Green New Deal: The first step of his climate plan is “implement a bold and achievable Green New Deal.”

Fracking: “I favour a ban on new fracking and a rapid end to existing fracking,” he said.

Offshore drilling: End it.

Highlights from his session:

Buttigieg took a moment to describe the climate crisis in a “language that is understood across the heartland about faith”:

“You know, if you believe that God is watching as poison is being belched into the air of creation, and people are being harmed by it, countries are at risk in low lying areas, what do you suppose God thinks of that?” he said.

Buttigieg’s full climate plan can be found here.

Cost:$US1.5-2 trillion.


Julián Castro said “we don’t need climate scientists to tell us what we see with our own eyes,” pointing to climate-related disasters like Hurricane Dorian and Arctic melting.

Richard W. Rodriguez, File via APJulian Castro speaks at the Texas Democratic Convention in Fort Worth, Texas on June 22, 2018.

Price on carbon emissions: Wants a carbon-pollution fee for the “biggest … industrial scale polluters.” He did not name any examples of “corporate polluters” when asked during the town hall.

Net-zero carbon emissions: By 2045, with a push to get the rest of the world to net zero by 2050.

Nuclear energy:According to the Washington Post, Castro said he would not support building any new nuclear plants.

Green New Deal: “We’re gonna say no to subsidizing big oil and say yes to passing a Green New Deal,”he tweeted in January.

Fracking: “I support local communities and states that want to ban fracking. I have not called for an immediate ban on fracking,” he said. In 2011, when he was mayor of San Antonio, Texas, Castro touted the economic benefits of fracking.

Offshore drilling: End it.

Highlights from his session:

Castro has made environmental justice a top priority in his climate plan. “The problem is that, like our neighbourhoods, pollution is segregated,” his plan states.

In the town hall, he said: “Oftentimes the first folks to get flooded out are the poorest communities. They’re often communities of colour. They’re the ones that can least afford to deal with the climate crisis.”

Castro’s full climate plan can be found here.

Cost: $US10 trillion.


“I would sue Exxon Mobil,” Kamala Harris said.

REUTERS/Brian SnyderDemocratic presidential candidate and Senator Kamala Harris speaks at a campaign party in Gilford, New Hampshire, July 14, 2019.

Price on carbon emissions: Supports a “progressively increasing fee” on carbon pollution.

Net-zero carbon emissions: By 2045.

Nuclear energy: Harris said the biggest issue with nuclear energy is “the waste and what are we going to do with that.” But she added that she’d leave decisions about how to deal with nuclear energy and waste to states.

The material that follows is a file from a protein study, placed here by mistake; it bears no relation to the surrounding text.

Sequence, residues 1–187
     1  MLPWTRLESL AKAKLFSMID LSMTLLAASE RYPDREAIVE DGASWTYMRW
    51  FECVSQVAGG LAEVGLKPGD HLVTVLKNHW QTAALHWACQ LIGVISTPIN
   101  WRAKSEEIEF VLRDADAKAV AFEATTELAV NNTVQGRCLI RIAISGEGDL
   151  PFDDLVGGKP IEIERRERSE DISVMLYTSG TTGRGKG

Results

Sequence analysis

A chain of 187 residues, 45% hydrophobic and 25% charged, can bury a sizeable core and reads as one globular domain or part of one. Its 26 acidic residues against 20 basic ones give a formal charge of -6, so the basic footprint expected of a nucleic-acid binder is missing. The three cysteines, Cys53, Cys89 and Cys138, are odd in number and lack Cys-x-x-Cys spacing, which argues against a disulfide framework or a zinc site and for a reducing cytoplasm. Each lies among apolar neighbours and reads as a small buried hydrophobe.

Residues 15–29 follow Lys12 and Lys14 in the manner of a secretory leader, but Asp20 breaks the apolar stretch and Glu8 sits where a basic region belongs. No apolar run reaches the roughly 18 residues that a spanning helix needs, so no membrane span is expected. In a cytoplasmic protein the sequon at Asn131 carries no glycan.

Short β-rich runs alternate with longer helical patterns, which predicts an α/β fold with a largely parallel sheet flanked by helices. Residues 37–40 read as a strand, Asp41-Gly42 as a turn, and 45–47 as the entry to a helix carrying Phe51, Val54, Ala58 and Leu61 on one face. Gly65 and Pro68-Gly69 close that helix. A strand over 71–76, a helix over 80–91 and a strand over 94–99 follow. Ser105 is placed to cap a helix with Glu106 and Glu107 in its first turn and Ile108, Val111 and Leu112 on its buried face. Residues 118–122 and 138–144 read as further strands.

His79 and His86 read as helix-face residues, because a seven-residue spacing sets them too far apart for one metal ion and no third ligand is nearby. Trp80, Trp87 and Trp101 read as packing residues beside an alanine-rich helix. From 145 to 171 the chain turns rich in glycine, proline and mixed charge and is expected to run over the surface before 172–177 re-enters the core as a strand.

Green New Deal: Yes. If Congress fails to act, Harris said, “I am prepared to get rid of the filibuster to pass a Green New Deal.”

Fracking: Ban it, starting with public lands.

Offshore drilling: Ban it.

Highlights from her session:

Harris was the only candidate who voiced support for getting rid of the Senate filibuster to pass a Green New Deal.

She also said she’d declare the drinking-water crisis a national emergency.

Harris’ full climate plan can be found here.

Cost:
$US10 trillion


“We can’t build a green economy that leaves anyone behind,” Amy Klobuchar said.

AP Photo/Carolyn KasterSenator Amy Klobuchar during a Senate Judiciary Committee hearing on Capitol Hill in Washington DC, January 15, 2019.

Price on carbon emissions: Klobuchar wants to wait and “see who we have in Congress and how far we can move” before opting for a carbon tax.

Net-zero carbon emissions: By 2050.

Nuclear energy: Does not support building new nuclear plants “unless we can find safe storage.”

Green New Deal: Yes. “I’m a co-sponsor of the Green New Deal,” she said.

Fracking: Klobuchar doesn’t support banning fracking because she sees natural gas as “a transitional fuel” that “is better than oil, but it’s not nearly as good as wind and solar.” However, she vowed to “review every fracking permit there is” during her first 100 days as president.

Offshore drilling: Ban it.

Highlights from her session:

Klobuchar said she wants to restore the Clean Power Plan, an Obama-administration policy that set certain carbon-emissions standards.

Klobuchar also said she is “strongly in favour of the Endangered Species Act … and I would do anything to reverse some of the suggestions that the president has made recently to repeal it or to water it down.”

Klobuchar’s full climate plan can be found here.

Cost: $US2-3 trillion


“I’m asking Americans to make this our priority as a country,” Beto O’Rourke said of solving the climate crisis.

Jeff Kowalsky/Getty2020 Democratic presidential candidate Beto O’Rourke speaks at the NAACP’s National Convention on July 24, 2019 in Detroit, Michigan.

Price on carbon emissions: O’Rourke supports a cap-and-trade approach in which the financial cost of emissions fluctuates with the market.

Net-zero carbon emissions: By 2050.

Nuclear energy: Has not provided an answer yet.

Green New Deal: “Some will criticise the Green New Deal for being too bold or being unmanageable. I tell you what, I haven’t seen anything better that addresses this singular crisis we face,” he said in a March interview.

Fracking: Last year, O’Rourke told the Midland Reporter-Telegram that fracking is “fundamental to national security.” He added, “I’d much rather they burn natural gas from Texas that’s connected to jobs here. It’s connected to a much cleaner way to produce energy than coal.”

Offshore drilling: End it. (However, in April, O’Rourke voted to kill an anti-drilling amendment that would have prohibited “the use of funds being used to research, investigate, or study offshore drilling in the Eastern Gulf of Mexico.”)